There’s no question which environment a person would rather work in day after day. And there’s also no question which workplace enjoys greater productivity, lower turnover and happier team members. Emotional intelligence plays a vital role not only in well being, but the overall success of a workplace.

Fortunately, emotional intelligence can be improved with training and practice. That’s where Leah M. Joppy and Associates can help. We’ve worked with many work teams to help them increase their knowledge of emotional intelligence in the office, put practical ideas into practice and look for areas of improvement. For more information, contact us at 301-670-0051 or email leah@lmja.com.

IMPLICIT BIAS (Part 2)

Implicit biasLast month, we examined implicit (or unconscious) bias on a broad scale and how it comes into play in our day-to-day life. This month, we’re taking a look at implicit bias in the workplace and its impact. And no question about it, the impact can be vast – and costly for businesses. From impairing diversity and retention rates to undermining recruiting efforts and employee morale, the effects of implicit biases are widespread and should not be ignored.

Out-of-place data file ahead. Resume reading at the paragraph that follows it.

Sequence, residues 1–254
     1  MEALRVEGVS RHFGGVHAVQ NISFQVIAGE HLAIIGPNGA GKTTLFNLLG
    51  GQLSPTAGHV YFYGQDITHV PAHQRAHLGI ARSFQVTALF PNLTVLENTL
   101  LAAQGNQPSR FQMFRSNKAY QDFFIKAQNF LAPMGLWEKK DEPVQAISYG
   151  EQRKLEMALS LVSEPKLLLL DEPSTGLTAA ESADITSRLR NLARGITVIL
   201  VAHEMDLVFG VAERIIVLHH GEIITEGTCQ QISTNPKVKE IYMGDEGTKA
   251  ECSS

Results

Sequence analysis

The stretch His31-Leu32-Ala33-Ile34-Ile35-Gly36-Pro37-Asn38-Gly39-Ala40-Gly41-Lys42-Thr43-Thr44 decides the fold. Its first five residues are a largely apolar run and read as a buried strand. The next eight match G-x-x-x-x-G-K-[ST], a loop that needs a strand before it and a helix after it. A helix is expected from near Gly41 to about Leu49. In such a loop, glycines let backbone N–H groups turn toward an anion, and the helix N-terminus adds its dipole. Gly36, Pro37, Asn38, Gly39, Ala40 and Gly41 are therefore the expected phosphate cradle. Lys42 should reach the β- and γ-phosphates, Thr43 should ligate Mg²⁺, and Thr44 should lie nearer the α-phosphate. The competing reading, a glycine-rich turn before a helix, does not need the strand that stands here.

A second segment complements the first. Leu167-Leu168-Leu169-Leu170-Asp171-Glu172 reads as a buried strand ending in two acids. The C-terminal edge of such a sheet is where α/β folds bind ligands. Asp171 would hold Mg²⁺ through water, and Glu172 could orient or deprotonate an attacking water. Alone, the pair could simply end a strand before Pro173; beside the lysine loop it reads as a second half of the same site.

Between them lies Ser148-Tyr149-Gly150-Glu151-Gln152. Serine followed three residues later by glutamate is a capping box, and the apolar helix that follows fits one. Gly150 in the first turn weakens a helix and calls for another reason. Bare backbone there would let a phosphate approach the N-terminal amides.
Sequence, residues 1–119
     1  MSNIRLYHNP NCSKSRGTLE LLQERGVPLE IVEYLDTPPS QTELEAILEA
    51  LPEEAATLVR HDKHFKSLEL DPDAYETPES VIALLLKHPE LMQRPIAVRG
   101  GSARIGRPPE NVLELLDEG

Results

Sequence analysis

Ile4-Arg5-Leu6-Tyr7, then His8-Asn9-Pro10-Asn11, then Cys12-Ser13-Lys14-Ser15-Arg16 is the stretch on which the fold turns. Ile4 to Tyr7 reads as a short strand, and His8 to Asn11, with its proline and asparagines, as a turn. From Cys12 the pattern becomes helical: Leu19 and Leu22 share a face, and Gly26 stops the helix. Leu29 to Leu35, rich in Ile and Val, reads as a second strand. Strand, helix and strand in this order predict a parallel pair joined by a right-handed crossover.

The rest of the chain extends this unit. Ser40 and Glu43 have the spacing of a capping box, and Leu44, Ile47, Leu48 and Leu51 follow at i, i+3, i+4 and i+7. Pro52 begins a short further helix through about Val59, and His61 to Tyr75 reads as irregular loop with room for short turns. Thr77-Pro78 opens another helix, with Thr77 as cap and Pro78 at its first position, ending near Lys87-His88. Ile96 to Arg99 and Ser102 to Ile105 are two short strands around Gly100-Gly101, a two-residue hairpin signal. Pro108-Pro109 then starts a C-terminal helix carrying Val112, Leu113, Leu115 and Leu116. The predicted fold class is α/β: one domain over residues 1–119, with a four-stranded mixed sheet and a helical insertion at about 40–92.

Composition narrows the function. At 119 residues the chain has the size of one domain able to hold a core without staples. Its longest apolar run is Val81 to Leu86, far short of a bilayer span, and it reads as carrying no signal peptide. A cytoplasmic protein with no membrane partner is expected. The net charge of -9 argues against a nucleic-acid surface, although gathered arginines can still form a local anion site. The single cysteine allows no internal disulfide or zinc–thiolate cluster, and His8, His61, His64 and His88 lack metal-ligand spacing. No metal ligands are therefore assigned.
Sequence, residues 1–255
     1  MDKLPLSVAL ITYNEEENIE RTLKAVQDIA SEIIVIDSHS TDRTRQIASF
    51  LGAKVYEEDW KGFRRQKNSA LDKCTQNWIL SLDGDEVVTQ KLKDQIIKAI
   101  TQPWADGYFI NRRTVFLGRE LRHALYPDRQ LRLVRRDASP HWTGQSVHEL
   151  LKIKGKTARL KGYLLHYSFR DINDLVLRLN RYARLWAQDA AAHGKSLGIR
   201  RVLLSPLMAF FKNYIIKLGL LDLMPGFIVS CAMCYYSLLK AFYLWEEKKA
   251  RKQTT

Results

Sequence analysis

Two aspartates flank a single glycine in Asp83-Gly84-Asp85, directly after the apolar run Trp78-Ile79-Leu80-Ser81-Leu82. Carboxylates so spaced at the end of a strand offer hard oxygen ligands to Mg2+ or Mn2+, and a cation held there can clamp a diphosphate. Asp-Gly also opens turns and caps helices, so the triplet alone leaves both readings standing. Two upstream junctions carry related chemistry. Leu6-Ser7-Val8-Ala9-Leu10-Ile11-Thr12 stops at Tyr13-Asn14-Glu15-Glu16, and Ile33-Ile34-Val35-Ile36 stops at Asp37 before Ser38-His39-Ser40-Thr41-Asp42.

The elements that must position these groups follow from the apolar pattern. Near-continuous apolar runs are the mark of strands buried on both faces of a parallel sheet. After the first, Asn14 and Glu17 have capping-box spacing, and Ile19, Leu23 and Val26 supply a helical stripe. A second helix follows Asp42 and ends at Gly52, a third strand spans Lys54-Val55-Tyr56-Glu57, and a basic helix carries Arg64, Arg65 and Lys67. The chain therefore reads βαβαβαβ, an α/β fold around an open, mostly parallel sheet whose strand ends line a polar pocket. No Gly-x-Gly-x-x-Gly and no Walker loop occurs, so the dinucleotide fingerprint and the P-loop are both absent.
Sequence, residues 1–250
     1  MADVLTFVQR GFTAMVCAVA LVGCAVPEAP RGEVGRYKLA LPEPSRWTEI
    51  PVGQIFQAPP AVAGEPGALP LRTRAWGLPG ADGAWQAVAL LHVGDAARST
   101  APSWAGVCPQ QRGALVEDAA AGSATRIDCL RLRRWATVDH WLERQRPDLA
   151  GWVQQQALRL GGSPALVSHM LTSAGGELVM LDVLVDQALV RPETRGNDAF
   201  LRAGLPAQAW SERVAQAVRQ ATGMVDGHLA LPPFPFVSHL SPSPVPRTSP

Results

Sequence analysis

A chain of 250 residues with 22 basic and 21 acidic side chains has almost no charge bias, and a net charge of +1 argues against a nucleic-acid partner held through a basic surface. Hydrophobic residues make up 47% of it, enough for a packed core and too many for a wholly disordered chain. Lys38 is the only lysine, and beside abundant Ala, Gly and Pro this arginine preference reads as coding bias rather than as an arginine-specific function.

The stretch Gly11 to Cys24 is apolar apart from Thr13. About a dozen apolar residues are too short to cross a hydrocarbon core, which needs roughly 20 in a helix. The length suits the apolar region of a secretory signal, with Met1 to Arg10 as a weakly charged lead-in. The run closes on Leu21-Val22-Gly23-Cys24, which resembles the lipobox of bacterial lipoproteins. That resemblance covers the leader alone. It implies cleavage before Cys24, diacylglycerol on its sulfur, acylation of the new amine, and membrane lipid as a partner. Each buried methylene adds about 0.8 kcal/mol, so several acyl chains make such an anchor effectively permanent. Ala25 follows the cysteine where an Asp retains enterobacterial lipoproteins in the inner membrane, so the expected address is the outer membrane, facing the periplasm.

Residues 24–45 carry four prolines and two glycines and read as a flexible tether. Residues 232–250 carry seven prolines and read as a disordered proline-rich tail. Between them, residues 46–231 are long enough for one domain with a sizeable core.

An implicit bias is an unconscious association, belief, or attitude toward any social group. Due to these biases, people may often associate certain characteristics or qualities to all members of a particular group (stereotyping). There are all types of implicit biases, but some are more relevant to the workplace. Here are a few examples:

  • Affinity bias: the tendency to prefer people who appear similar to ourselves
  • Perception bias: the tendency to form stereotypes and assumptions about certain groups, thus preventing objectivity and lumping all individuals with their group membership
  • Confirmation bias: the tendency to try to confirm pre-existing beliefs and ignore information that doesn’t conform to these beliefs